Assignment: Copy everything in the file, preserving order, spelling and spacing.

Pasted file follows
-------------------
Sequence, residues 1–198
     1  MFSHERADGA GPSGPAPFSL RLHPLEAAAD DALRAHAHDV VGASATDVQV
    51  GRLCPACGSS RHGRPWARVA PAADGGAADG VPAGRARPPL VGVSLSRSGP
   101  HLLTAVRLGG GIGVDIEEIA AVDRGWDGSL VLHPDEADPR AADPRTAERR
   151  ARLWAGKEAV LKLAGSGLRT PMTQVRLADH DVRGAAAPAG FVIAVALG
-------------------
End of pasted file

Sequence, residues 1–198
     1  MFSHERADGA GPSGPAPFSL RLHPLEAAAD DALRAHAHDV VGASATDVQV
    51  GRLCPACGSS RHGRPWARVA PAADGGAADG VPAGRARPPL VGVSLSRSGP
   101  HLLTAVRLGG GIGVDIEEIA AVDRGWDGSL VLHPDEADPR AADPRTAERR
   151  ARLWAGKEAV LKLAGSGLRT PMTQVRLADH DVRGAAAPAG FVIAVALG